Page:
What does recovery feel like? - Action on Postpar...

Action on Postpartum Psychosis

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What does recovery feel like?

kaktus profile image
10 Replies

Hello, I'm only on my 8th day of treatment from postpartum psychosis. I did not reach a very severe stage because I almost always maintained a level of "insight", in the sense that I knew something was wrong and I didn't do anything although what I've been through mentally was torturous. It's still very very very hard to get through the day and night. I'm just wondering what recovery feels like? I still feel like I'm separate from the rest of the world, and it's hard for me to imagine getting better. I'm so scared. I feel so alone even though I have family support.

10 Replies
kaktus profile image

I guess my main question is.. when did the meds start to kick in?

EstherLinton40 profile image
EstherLinton40 in reply to kaktus

I was on Olanzapine I refused meds at the start so took a while to kick in it took at least 2 weeks for it to start to work for me. Once they worked I didn't have any symptoms of Psychosis but just very heavy, tired and exhausted from the whole experience. I did suffer from some anxiety but managed this with different techniques and meds for a few days. I stopped taking meds after 6months I put on alot of weight with the meds but it's dropped off now.


EstherLinton40 profile image

Hi Kaktus

My name is Esther and my PP happened last Dec it was a big one for me so my recover may look different to yours. However what I would say is that it is so individual so many aspects play a part in your recovery such as your life experience, your environment, your support and your understanding of what has happened etc.

For me although mine was on the severe end because of my life experience I believe I recovered more quickly for example I work in mental health so know the system and know what recover means. I also had a psychotic episode 20 years ago after taking recreational drugs so understand it from that point of view.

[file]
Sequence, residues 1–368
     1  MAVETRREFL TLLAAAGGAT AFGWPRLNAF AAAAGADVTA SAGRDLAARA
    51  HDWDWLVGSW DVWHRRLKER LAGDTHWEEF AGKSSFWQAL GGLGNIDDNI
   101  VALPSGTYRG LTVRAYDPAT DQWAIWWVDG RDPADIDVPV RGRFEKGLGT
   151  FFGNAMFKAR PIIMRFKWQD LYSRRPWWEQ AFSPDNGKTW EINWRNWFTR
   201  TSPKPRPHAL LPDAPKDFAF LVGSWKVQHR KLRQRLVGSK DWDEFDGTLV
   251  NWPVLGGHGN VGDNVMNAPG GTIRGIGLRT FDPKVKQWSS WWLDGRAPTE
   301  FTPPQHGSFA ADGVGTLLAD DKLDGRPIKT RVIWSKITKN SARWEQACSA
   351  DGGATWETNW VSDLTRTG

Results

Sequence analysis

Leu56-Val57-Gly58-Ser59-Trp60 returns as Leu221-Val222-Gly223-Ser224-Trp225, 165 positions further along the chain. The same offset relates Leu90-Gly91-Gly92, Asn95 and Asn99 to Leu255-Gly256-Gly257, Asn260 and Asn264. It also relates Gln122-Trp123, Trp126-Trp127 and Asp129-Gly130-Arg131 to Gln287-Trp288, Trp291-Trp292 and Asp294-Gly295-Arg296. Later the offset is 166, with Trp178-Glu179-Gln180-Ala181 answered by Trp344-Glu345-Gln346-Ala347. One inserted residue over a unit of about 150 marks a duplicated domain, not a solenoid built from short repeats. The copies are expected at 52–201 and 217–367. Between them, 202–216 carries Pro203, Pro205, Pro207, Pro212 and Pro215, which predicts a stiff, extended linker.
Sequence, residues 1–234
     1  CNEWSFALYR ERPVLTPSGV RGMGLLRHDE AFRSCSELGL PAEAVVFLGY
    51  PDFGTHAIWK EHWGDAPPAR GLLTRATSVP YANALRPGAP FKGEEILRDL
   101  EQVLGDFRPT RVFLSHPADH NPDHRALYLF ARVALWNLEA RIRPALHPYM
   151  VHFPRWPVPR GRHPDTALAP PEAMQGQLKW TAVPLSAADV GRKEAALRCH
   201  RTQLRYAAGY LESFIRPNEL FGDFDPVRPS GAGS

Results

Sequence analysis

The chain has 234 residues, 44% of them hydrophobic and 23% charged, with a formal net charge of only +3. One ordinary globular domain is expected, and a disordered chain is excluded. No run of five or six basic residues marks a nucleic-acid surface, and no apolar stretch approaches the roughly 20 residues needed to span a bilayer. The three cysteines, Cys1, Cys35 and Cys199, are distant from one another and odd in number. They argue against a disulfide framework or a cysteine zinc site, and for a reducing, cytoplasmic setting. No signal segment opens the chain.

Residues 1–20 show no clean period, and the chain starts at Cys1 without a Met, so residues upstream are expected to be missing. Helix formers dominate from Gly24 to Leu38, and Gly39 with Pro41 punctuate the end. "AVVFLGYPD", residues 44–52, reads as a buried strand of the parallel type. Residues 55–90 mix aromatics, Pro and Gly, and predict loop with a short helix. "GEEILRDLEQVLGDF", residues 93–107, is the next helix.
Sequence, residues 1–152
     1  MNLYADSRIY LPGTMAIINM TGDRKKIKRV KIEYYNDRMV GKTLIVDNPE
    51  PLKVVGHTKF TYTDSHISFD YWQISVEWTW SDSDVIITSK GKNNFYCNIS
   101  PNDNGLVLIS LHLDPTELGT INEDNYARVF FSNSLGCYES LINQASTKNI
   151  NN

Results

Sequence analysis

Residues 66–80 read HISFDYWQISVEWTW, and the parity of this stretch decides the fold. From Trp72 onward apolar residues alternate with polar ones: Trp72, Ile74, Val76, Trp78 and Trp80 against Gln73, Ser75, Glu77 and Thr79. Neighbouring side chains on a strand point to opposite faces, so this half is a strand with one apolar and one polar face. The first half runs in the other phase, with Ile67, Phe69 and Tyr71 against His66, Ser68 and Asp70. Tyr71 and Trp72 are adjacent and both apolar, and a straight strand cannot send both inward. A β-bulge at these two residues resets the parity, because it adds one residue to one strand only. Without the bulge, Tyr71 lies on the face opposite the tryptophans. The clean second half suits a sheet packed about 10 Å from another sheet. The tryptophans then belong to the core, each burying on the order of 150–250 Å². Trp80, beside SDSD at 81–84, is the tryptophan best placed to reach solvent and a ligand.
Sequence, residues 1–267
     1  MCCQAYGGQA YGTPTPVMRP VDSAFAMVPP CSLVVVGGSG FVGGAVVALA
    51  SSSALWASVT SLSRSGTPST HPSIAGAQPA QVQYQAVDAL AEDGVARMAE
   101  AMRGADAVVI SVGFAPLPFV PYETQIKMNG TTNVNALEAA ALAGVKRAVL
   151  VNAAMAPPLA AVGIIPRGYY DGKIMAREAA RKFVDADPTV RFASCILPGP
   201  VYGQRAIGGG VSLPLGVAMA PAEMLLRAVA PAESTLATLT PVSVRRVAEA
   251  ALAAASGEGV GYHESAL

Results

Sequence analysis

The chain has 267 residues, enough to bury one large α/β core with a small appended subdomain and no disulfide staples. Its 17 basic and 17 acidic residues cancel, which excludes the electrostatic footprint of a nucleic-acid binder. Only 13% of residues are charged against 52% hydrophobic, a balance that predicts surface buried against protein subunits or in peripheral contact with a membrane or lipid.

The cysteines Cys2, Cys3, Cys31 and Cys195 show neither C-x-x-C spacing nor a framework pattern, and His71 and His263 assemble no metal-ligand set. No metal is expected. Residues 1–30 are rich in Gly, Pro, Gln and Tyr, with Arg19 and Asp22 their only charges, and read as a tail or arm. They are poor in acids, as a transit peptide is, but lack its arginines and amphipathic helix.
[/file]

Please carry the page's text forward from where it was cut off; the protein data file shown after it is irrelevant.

Recovery can take a life time or it can be very short but I believe all life experiences change us we never stay the same it's part of being alive. The biggest part of my recovery took 6 month it's only the last 2 or 3 months that I really feel completely my self again but I also think this is because we change from adjusting to being a mother and now my daughter is sleeping more this has had a big impact on my wellbeing (sleep deprivation didn't agree with me).

I hope this is of some help to you. remember to be patient with your self and do what makes you feel good and you will make sense of it all as and when your ready there is no rush. I have a tenancy to rush things so kept saying to myself ah now I am recovered but actually it is life long different things come up at different times. Sorry this is a long answer it's just so nice to share my experience with others. So comforting to know I am not the only one that had PP after giving birth.

Take care sweetie


kaktus profile image

Thank you for your reply. Yes it's very good to hear from someone else because it's such a bizarre experience, so isolating, and feels so "real".. like I'll never get through it and I'm not part of this world anymore.